If you want to experience the ancient history of Israel and the world head to Jaffa and see the ancient sea ports or take the bus 1 hour to Jerusalem and walk around the Old City. If that isn’t enough, take a day trip to the Dead Sea and float on. Thankfully, with great public transportation, you’ll have an excuse to see and do everything.
Cultures & Customs
The Spanish and Israeli cultures share a lot of similarities. Both cultures have strong family ties and have a slightly more relaxed way of living.
The overall culture in Barcelona is hedonistic. When they say fiesta, they mean fiesta. During holidays and soccer games its common the entire city will celebrate until dawn. Opposite of the fiesta, a common custom in Barcelona is the siesta. Approaching 2:00 PM you’ll notice shops and businesses closing down for the siesta, in Spanish that means naptime. When summer is approaching in Barcelona it may even feel like a city-wide siesta as locals flock to other destinations for vacation.
Even more opposite of the siesta, Tel Avivians never, ever sleep. You will notice that the city is not only relaxed but awake and lively at all times. On Saturdays, as the rest of Israel rests in Observance of Shabbat, Tel Aviv becomes alive. Beaches, bars, and cafes are packed with the young, wild and free looking to celebrate life.
Whether you’re fluent in Spanish or Hebrew or neither each university in Tel Aviv and Barcelona has programs to study in English.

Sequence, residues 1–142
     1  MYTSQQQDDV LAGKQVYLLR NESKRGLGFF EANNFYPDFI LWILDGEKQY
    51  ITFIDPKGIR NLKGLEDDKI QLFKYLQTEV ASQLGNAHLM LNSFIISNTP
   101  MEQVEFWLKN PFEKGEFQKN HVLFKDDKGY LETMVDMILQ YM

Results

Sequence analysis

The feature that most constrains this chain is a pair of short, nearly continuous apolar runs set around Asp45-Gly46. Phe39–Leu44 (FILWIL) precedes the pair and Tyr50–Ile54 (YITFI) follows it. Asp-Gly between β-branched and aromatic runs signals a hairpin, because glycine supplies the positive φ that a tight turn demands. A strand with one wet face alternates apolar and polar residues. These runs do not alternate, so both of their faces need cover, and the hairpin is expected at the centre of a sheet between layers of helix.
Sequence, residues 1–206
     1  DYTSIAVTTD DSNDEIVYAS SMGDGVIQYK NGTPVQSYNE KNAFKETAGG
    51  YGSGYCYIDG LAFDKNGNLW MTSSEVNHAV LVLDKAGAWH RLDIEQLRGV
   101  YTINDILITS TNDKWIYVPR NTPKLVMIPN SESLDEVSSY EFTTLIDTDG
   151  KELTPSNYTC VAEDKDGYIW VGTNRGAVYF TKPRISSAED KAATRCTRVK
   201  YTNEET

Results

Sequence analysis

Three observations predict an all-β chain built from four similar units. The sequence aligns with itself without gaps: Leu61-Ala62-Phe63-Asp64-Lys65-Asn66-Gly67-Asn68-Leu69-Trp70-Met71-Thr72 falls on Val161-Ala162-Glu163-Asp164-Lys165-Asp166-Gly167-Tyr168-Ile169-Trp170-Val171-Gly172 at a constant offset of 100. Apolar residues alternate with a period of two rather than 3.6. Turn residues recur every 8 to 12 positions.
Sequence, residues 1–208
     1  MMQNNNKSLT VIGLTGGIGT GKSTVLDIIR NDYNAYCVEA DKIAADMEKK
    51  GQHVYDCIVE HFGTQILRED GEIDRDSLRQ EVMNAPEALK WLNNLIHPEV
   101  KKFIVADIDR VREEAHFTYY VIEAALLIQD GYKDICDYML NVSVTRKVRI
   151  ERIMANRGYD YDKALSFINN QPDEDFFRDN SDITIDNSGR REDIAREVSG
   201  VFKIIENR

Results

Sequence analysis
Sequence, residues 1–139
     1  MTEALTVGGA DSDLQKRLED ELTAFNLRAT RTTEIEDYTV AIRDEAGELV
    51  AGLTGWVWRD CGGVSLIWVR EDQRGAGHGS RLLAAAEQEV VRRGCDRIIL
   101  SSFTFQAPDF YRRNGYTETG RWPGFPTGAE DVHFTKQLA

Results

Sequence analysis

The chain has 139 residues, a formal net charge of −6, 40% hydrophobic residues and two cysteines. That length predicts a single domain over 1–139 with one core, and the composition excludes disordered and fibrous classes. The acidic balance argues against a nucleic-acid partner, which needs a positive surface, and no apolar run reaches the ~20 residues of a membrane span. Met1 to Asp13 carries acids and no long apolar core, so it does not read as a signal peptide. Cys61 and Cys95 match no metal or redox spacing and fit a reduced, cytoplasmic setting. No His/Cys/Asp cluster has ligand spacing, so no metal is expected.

Barcelona is a touristy city so you will find road signs and menus in English. However, it’s often heard that most Spaniards do not speak English and it’s recommended to learn a few Spanish phrases before your trip.
In Israel, English is the 3rd unofficial national language after Hebrew and Arabic. Every sign in Israel is written in Hebrew, Arabic, and English which allows your navigation skills to flourish. Most cafes, restaurants and bars all have the option of English menus. If you’re seeking directions or want to know how much something costs – just ask. Israelis start studying English in the third grade and use it frequently throughout their life.
Convinced eating your body weight in hummus and falafel is the #bestideaever? Obviously.
Andria Kaplan Aylyarov is a Masa Israel Alumna and content marketing specialist for Masa Israel Journey. She loves a good glass of white wine and wishes she was 85-years-old and living in Boca, but she currently resides in Brooklyn.